But there’s one more factor about Google that we need to consider: it’s run by human beings. Larry Page is not Spock. No matter how logical and dispassionate he tries to be, he and the rest of Google’s managers have psychological needs and reactions that they cannot transcend. That means Google has corporate politics.
Google politics: The coming-out party of Larry Page
I don’t think you can fully explain Google’s behavior over the last several years without looking at the relationship between its CEOs during that time, Eric Schmidt and Larry Page. Google’s first CEO, in its very early days, was Page. Investors convinced Page and Brin that they needed to bring in professional management to organize the company. Reluctantly they agreed, and supposedly Steve Jobs was at the top of their wish list. That raises some fascinating what-if scenarios, but Jobs was already occupied, and eventually they settled on Eric Schmidt, formerly of Sun.
A video of Page from 2000 gives an interesting insight into his thinking at the time. It was recorded a year before Schmidt joined Google. A nonprofit called the Academy of Achievement recorded video interviews with Page and Brin. The videos are a fascinating window into the early thinking of both men. In one clip, Page is asked about the challenges of being a CEO at age 27 (link). He replies:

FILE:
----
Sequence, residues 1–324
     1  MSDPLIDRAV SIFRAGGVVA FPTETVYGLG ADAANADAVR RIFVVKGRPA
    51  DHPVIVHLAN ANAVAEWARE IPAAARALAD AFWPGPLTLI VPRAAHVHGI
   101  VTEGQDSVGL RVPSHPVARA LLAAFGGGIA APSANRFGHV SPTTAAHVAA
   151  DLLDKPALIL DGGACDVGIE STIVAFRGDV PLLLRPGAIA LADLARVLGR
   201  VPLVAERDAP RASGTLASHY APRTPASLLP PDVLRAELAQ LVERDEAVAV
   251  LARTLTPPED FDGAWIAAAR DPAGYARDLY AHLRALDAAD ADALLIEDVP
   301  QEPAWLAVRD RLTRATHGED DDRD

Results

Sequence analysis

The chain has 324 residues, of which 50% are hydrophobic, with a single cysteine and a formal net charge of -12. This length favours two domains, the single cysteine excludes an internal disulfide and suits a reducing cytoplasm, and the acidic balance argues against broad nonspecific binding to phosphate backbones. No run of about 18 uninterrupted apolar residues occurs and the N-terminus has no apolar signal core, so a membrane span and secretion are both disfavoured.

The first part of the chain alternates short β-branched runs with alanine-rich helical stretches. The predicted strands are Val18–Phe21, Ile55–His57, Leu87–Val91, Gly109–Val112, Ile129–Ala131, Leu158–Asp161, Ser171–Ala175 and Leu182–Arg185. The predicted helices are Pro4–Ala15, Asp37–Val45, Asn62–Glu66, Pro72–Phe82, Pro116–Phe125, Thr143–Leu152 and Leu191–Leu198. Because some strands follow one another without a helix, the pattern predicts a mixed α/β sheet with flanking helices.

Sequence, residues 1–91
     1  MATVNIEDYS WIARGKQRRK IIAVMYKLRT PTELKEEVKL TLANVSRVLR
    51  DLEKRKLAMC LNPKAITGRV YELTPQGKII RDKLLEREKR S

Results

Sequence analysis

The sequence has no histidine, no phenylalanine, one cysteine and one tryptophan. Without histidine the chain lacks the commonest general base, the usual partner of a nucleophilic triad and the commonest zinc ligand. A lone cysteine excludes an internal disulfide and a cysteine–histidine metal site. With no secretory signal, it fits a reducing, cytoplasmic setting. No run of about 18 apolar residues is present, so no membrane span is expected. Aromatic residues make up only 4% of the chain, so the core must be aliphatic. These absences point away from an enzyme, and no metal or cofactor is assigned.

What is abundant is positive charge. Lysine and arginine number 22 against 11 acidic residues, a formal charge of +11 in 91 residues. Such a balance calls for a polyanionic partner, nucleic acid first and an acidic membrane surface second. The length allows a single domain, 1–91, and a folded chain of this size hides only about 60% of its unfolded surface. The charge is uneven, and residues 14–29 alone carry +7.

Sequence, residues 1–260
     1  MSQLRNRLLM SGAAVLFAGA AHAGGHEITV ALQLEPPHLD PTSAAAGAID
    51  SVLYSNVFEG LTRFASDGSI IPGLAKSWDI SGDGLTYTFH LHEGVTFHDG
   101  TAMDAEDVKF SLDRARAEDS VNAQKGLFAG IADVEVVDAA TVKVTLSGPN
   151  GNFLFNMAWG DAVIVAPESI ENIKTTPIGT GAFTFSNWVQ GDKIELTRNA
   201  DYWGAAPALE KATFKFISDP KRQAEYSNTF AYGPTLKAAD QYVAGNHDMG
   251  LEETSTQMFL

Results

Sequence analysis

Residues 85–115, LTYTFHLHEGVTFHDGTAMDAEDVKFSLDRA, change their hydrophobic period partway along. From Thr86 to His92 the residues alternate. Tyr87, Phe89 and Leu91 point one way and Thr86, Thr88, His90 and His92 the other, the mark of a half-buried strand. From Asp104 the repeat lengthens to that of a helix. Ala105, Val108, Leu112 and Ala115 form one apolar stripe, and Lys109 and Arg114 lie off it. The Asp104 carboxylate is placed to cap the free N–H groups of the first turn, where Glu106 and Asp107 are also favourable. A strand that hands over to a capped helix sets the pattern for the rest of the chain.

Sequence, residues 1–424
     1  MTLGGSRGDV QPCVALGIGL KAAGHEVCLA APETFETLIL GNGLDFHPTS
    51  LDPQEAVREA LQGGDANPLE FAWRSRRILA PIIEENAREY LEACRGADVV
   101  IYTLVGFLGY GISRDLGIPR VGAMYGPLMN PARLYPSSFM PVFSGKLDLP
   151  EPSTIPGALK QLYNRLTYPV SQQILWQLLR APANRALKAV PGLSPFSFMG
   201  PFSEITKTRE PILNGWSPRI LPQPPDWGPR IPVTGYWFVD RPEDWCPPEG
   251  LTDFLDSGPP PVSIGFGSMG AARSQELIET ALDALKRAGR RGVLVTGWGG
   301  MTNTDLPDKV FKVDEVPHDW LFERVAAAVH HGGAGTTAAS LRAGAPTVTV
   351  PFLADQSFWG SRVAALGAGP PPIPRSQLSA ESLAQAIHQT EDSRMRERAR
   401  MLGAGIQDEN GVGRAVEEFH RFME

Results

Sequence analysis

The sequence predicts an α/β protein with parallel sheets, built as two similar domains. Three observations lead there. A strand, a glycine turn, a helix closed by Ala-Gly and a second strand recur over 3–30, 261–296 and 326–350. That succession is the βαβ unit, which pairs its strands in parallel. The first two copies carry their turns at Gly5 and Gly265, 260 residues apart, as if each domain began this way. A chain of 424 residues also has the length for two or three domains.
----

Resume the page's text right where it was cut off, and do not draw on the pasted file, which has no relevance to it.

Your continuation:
"If you manage people for 20 years, or something like that, you pick up things. So I certainly lack experience there, and that's an issue. But I sort of make up for that, I think, in terms of understanding where things are going to go, having a vision about the future, and really understanding the industry I am in, and what the company does."
So Page acknowledged his need for tutoring in management, but at the same time he went out of his way to call himself a visionary. I haven’t met Larry Page, but there’s one thing I know for sure: anyone who calls himself a visionary at age 27 does not lack for confidence.
Schmidt arrived soon after, and for the next ten years Page served a kind of management apprenticeship under him. I don’t want to overstate Schmidt’s role; even then, Page and Brin had control of the company, and could have ousted Schmidt if they really wanted to. But even if Page agreed that working for Schmidt was necessary, it can’t have been easy.